20 The provision under challenge suspends the application of that new system to services to or from Gibraltar until the arrangements in the Joint Declaration made by the Foreign Ministers of the Kingdom of Spain and the United Kingdom on 2 December 1987 come into operation. It thus affects equally all air carriers wishing to operate a direct inter-regional air service between another Community airport and Gibraltar airport and, more generally, all those using the latter airport. It therefore applies to objectively defined situations.
21 Furthermore, it should be noted that Gibraltar airport is not the only airport to have been temporarily excluded from the territorial scope of the directive. Other airports (those in the Greek islands and in the Atlantic islands comprising the autonomous region of the Azores, as well as Oporto airport) have already been temporarily exempted from its application, by virtue of Directive 83/416 of 25 July 1983 and Directive 86/216 of 26 May 1986, cited above, for technical or economic reasons, such as the insufficiency of air traffic or the continuing development of the airport infrastructure.
22 Directive 89/463 justifies the suspension of its application to Gibraltar airport by reference to the agreement in the Joint Declaration made by the Foreign Ministers of the Kingdom of Spain and the United Kingdom on 2 December 1987. This constitutes a finding that there is an obstacle of an objective nature to implementation of the directive, having regard to its aims. In view of the differences between the Kingdom of Spain and the United Kingdom, discussed at length by the applicant itself, concerning sovereignty over the territory on which Gibraltar airport is situated and the operational problems resulting from those differences, the development of air services between that airport and the other airports within the Community is conditional on the implementation of the cooperation arrangements agreed between those two States.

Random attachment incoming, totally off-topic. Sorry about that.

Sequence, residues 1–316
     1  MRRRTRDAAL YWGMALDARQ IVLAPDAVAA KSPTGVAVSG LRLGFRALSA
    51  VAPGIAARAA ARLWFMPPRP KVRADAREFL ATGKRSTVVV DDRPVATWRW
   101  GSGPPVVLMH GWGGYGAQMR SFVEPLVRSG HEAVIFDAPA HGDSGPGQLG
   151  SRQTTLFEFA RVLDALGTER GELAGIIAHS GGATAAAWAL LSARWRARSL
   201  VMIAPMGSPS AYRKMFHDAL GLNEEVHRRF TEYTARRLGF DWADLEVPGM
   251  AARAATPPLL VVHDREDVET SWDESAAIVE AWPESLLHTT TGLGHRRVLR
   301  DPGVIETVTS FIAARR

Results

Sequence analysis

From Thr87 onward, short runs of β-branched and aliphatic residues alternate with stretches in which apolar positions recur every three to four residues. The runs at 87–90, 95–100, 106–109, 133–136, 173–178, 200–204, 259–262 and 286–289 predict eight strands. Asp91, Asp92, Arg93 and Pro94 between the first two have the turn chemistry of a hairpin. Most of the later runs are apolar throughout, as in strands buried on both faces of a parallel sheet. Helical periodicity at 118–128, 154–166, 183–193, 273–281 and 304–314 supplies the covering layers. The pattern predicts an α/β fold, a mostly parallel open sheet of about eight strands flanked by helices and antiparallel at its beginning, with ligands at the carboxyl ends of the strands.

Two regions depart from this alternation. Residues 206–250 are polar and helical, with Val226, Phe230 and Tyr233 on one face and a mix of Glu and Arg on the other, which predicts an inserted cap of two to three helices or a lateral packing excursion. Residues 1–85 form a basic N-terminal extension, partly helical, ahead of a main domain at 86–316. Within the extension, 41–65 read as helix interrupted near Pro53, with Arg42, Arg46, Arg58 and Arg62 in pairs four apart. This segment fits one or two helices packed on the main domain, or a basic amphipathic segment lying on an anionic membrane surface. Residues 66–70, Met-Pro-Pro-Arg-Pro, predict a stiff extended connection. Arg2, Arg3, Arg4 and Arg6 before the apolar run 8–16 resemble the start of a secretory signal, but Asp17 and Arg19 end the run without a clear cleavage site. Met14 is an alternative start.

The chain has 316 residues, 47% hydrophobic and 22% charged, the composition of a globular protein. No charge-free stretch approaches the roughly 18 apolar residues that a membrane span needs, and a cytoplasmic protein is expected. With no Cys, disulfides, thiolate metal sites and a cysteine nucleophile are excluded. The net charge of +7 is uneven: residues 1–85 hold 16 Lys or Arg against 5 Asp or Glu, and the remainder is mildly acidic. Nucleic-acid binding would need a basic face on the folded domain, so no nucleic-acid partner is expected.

23 In those circumstances, Article 2(2) of Directive 89/463 cannot be regarded as constituting a decision within the meaning of the second paragraph of Article 173, but on the contrary is of the same general nature as that directive.
24 It follows that the application is inadmissible and must therefore be dismissed, without there being any need to consider the other submissions made in support of the objection of inadmissibility.
Decision on costs
25 Under Article 69(2) of the Rules of Procedure, the unsuccessful party is to be ordered to pay the costs. Since the Government of Gibraltar has been unsuccessful, it must be ordered to pay the costs. In accordance with the first subparagraph of Article 69(4) of the Rules of Procedure, the Kingdom of Spain, the United Kingdom and the Commission, interveners, are to bear their own costs.
On those grounds,
1. Dismisses the application as inadmissible;
2. Orders the applicant to pay the costs;
3. Orders the Kingdom of Spain, the United Kingdom and the Commission, interveners, to pay their own costs.